In creating Rent the Runway, Hyman said the experiment was to link that millennial mindset with a direct attack on the success of "fast fashion"—chains like H&M, Zara and Forever 21. Amid a recession and stagnant wages, she saw that there was a way to get young women into higher quality clothing.
Ilse Metcheck, president of California Fashion Association, said Rent the Runway's growth has been driven by the democratization and high-speed of style changes in fashion, now intensified by social media. Rent the Runway customers include Kelly Osbourne, the newest star from the Kardashian clan, Kendall Jenner, women from the TV show "The Bachelor" and even Beyoncé.
"Trends happen on average every 10 weeks, so if you really want to feel in step with fashion you need to change it every 10 weeks," Metchek said. In other words, the transience of renting matches the transience of what a person (and society) may consider fashionable at any given moment, she said.
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Hyman predicts that in five to 10 years, women's closets will look a lot different. There will still be a portion of the closet filled with clothes that are owned, but another portion will be in constant rotation, filled with rented items. "Our customer represents a new world order of woman, not defined by age but by being active and busy in every aspect of life," Hyman said. "It's a woman who wants to reinvent herself."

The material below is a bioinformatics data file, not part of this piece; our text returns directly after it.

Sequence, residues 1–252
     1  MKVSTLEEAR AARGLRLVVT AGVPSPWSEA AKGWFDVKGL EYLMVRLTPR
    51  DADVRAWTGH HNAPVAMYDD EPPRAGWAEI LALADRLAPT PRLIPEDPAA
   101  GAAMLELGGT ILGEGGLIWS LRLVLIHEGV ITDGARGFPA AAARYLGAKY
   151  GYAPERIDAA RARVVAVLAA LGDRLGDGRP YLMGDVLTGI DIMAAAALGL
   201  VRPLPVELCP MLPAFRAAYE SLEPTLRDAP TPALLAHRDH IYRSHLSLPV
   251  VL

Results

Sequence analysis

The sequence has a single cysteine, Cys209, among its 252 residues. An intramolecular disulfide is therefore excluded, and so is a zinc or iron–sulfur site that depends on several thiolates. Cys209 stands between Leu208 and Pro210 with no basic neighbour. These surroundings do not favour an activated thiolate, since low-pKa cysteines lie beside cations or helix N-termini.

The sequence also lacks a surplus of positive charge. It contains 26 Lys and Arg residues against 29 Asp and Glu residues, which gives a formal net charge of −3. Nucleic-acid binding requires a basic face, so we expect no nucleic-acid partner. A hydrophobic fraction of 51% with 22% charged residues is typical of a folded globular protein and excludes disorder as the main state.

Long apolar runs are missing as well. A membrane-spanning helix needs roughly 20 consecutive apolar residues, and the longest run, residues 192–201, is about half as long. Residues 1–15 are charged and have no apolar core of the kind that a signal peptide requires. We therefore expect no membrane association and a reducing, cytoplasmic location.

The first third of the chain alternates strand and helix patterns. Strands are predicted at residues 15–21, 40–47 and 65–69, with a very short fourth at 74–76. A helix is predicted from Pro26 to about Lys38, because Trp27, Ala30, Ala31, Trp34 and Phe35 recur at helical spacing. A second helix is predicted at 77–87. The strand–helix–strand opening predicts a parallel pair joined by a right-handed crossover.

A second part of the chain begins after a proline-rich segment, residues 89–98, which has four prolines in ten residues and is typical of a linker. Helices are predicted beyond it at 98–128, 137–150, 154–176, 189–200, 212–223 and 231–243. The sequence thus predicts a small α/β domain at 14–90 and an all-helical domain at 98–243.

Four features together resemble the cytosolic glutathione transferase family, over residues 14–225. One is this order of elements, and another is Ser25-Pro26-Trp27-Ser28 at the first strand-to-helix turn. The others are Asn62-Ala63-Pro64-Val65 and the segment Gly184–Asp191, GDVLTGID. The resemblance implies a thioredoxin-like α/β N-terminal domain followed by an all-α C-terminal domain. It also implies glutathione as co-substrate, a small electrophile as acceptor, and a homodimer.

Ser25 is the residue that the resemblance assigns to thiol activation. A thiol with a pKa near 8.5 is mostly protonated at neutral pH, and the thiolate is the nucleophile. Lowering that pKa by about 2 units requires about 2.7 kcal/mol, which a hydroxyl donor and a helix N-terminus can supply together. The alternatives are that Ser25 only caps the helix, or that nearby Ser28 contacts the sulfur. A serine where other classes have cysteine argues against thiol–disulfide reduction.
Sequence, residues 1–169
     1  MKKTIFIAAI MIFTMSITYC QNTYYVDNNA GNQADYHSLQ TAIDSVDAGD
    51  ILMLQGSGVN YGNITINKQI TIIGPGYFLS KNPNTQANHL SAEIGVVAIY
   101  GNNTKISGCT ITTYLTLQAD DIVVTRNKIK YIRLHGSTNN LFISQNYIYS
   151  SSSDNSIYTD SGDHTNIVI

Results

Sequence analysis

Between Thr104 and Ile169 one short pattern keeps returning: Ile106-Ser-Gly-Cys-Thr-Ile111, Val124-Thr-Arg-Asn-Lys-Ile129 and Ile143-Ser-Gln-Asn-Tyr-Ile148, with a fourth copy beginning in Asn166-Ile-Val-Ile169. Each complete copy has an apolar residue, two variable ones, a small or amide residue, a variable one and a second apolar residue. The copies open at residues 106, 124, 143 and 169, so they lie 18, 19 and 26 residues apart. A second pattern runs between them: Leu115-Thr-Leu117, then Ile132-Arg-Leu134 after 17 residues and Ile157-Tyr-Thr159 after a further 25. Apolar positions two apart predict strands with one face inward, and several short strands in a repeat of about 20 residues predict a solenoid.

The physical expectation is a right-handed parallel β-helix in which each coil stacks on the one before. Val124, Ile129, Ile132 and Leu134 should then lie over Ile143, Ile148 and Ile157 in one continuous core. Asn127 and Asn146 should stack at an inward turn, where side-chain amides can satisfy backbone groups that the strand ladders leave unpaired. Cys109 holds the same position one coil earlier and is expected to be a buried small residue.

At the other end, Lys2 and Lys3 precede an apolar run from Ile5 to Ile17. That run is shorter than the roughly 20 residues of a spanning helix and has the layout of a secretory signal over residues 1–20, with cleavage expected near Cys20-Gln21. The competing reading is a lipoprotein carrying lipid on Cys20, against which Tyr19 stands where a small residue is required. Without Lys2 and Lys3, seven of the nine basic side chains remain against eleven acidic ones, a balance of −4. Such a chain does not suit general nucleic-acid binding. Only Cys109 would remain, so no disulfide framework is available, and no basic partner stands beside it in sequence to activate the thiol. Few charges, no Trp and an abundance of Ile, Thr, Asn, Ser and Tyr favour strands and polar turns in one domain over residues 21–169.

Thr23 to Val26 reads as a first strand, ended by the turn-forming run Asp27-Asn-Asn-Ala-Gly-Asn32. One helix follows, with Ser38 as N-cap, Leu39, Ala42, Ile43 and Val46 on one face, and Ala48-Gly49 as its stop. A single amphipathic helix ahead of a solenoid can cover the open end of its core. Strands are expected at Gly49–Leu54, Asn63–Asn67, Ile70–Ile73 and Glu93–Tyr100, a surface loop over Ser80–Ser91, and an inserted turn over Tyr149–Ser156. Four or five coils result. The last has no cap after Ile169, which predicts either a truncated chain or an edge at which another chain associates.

One of Hyman's favorite customer stories came from a 30-year-old woman in Washington, D.C. who was introduced to Rent the Runway by her grandmother, who wanted to look her best for her husband on Sunday when they attended church. She saw how confident her grandmother looked and decided to rent herself. "If Beyoncé and a grandma who goes to church rent from Rent the Runway, any woman can," Hyman said.
—By Paula Vasan, Special to CNBC.com